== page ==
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Friday, December 03, 2021

A question of capability

After Uri, a replay of a 2001 predicament.

Written by Raja Menon |
Updated: September 28, 2016 12:33:22 am
uri attack, uri attack aftermath, uri attack india pakistan relations, pakistan policy, india's pakistan policy, uri attack news, parliament attacks 2001, terror attacks in india, government policy on pakistan, india news, indian express, The Army Brigade camp which was attacked by militants in Uri, Jammu and Kashmir. (PTI Photo)

After the attack on Parliament in 2001, it was clear to all right thinking members of the strategic community that the most likely scenario for conflict in South Asia would be that of punitive retaliation after a Pakistan terror strike. In 2001, the prime minister and the chiefs of the three services discussed what could be done. The PM wanted a swift, surgical and punitive action whereas the chiefs were offering a war of attrition. None of the three services offered what the PM wanted because either they did not have the intelligence, or the hardware, or the training or a concept. The situation actually called for a surgical strike by special forces to be launched across the border in specially equipped low-flying, night-flying helicopters, of which we had none at the time.

It is assumed that the chiefs would have gone back shamefaced and addressed this lacuna immediately. But seven years later came the Mumbai horror and the then PM and the chiefs had the same kind of conversation they had had in 2001. The PM asking for options for punitive retaliation and the chiefs offered none, for the same reasons as in 2001. If it wasn’t clear in 2001, it should have been clear in 2008, that a war arising out of punitive retaliation would be the most likely scenario for conflict in South Asia and that the three services should prepare single-mindedly for that scenario. Incredible though it seems, nothing was done towards preparing for that scenario. Then came Pathankot and now Uri.

None of the three services have worked towards a punitive retaliation strategy using special forces in a cross-border raid of the kind that eliminated Osama bin Laden. The reasons in 2001 and 2016 are the same. No helicopters, no integration, no intelligence, no training and no operational concept. A special force raid will probably result in escalation, but the onus for escalation will rest on Pakistanis. The same applies to an air force precision strike towards which the IAF has put in no effort since 2001. The army has 10 battalions of para-commandos — and many of them are special forces — but have no helicopters with low night-flying capability, though these are available off the shelf in western markets.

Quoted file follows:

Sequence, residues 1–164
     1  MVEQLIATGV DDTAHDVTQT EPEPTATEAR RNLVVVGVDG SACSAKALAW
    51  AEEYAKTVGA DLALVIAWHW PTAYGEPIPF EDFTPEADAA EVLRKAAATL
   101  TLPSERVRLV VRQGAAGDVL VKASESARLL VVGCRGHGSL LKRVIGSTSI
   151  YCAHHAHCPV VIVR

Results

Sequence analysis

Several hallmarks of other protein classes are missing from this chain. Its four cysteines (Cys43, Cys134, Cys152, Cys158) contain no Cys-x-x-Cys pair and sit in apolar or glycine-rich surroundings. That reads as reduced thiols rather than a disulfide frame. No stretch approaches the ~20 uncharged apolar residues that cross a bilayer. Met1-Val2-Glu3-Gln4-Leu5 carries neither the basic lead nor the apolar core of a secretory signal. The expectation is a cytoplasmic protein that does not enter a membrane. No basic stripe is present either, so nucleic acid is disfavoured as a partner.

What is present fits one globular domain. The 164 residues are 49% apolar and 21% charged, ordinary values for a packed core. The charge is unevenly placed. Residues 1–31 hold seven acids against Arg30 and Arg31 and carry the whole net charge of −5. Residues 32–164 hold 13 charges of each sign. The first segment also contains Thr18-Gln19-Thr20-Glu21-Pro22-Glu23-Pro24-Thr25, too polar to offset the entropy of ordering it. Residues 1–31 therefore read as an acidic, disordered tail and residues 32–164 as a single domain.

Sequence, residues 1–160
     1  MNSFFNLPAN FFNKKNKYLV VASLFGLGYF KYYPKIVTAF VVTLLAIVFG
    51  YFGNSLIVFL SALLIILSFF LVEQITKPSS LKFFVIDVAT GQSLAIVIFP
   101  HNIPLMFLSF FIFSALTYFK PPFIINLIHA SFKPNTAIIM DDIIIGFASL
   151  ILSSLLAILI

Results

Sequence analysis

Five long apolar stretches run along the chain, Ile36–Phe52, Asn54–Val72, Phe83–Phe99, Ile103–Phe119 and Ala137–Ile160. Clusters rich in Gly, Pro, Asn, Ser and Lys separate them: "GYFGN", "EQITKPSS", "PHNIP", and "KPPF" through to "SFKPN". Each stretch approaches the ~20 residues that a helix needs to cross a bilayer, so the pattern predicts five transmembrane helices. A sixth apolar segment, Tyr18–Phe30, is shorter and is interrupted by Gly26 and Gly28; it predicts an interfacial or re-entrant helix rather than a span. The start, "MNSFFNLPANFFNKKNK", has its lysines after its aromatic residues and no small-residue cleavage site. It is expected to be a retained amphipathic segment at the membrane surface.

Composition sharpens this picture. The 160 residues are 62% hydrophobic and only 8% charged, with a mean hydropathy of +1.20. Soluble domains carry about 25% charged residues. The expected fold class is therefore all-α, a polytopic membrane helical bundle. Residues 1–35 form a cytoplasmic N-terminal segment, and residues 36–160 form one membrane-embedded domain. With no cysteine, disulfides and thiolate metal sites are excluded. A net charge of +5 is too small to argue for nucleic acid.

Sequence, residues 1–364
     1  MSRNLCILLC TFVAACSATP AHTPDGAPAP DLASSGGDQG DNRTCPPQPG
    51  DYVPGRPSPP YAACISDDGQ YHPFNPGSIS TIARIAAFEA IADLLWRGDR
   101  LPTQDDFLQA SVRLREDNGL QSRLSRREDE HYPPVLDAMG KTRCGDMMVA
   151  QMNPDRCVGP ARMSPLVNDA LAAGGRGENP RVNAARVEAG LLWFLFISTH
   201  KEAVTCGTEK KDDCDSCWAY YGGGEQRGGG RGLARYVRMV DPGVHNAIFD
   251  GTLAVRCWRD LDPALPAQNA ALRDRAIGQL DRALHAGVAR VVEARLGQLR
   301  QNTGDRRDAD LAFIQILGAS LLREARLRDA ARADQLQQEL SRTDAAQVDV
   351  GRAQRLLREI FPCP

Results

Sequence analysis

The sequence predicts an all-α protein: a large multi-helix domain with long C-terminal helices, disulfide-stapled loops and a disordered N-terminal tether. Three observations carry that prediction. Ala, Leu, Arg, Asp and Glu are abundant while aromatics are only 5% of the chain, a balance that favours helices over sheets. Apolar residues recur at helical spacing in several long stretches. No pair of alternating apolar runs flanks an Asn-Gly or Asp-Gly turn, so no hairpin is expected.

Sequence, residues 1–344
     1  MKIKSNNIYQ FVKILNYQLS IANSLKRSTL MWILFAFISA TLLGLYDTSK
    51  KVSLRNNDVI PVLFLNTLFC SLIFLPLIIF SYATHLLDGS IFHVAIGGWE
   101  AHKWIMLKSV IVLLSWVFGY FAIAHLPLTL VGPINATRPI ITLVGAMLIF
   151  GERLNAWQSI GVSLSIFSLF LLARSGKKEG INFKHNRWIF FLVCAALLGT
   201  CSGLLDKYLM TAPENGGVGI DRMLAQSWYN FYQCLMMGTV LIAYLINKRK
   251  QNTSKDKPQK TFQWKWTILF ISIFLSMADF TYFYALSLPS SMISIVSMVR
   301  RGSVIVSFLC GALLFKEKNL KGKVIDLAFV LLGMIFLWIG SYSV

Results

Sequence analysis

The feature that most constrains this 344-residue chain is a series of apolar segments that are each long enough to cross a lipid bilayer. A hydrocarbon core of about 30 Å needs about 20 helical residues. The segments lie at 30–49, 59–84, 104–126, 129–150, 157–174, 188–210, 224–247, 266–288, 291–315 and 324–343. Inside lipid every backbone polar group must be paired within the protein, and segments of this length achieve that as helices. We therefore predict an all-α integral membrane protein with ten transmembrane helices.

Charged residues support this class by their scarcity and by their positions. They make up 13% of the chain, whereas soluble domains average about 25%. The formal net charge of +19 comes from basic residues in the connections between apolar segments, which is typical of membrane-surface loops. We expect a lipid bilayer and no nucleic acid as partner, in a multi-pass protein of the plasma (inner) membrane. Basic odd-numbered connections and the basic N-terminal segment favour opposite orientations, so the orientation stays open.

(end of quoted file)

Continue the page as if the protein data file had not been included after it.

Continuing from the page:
The lacuna was attempted to be redressed by creating a CDS and putting a Special Operation Command (SOC) under him consisting of special forces, RAW and helicopters with analysis units. But the proposal has been hanging fire with the defence minister ever since he took over. Much money has been spent on hardware by all the services between 2001 and 2016. So it isn’t the shortage of money that has prevented the three services from setting up a punitive retaliation capability. A special operation command would cost under Rs 1,000 crore and it is a national requirement, so why should a service shy away from opening its purse strings?

So after Uri, we had politicians issuing aggressive warnings and service chiefs talking of retaliation in a time of “our own choosing”. Hot pursuit is an internationally recognised concept; retaliation in a time of our own choosing is not. This is one occasion when a knee-jerk reaction was called for and we should have been ready, considering that Pakistan has an avowed strategy of bleeding India with a thousand cuts.

Ideally, the special forces of the army and the night flying helos of the air-force (if they have any) should be integrated into one command and be pre-trained on a number of possible missions in peacetime to conduct raids during the dark hours. Similarly, Marcos of the Navy should be tasked off the coast of Balochistan to help the local resistance movement with intelligence driven surgical strikes. All this should be practiced in peacetime so that a knee-jerk reaction is possible when the opportunity offers itself, like now.

A certain amount of hardware updating like individual night vision glasses, throat mikes and weapons would be necessary. Foreign assistance for training should be taken from the US or Israel so that we don’t simply flaunt our special forces when they have no operational capability. Hafiz Saeed and Masood Azhar are flaunting their actions in Pakistan and they will act in the same manner again, but let us be prepared. Escalation is something we are ready for but Pakistan, with its weaker conventional strength, is not. By carrying out a precision strike we leave it to the Pakistanis to choose escalation, which, “gaming” has shown, they will not resort to. But there is no gaming in India although the South Asia scenario has been repeatedly gamed abroad and there is a much clearer idea of outcomes outside the establishment than inside it. If the services are waiting for a directive to prepare for punitive retaliation then give them one, but there are enough experts in each service to advise the chiefs where to put the money, and embark without further delay on creating the requisite capability. Without this the hollow threats that are being issued will once again fizzle out.


The writer, a former rear admiral in the navy, is author of  ‘A Nuclear Strategy for India’.

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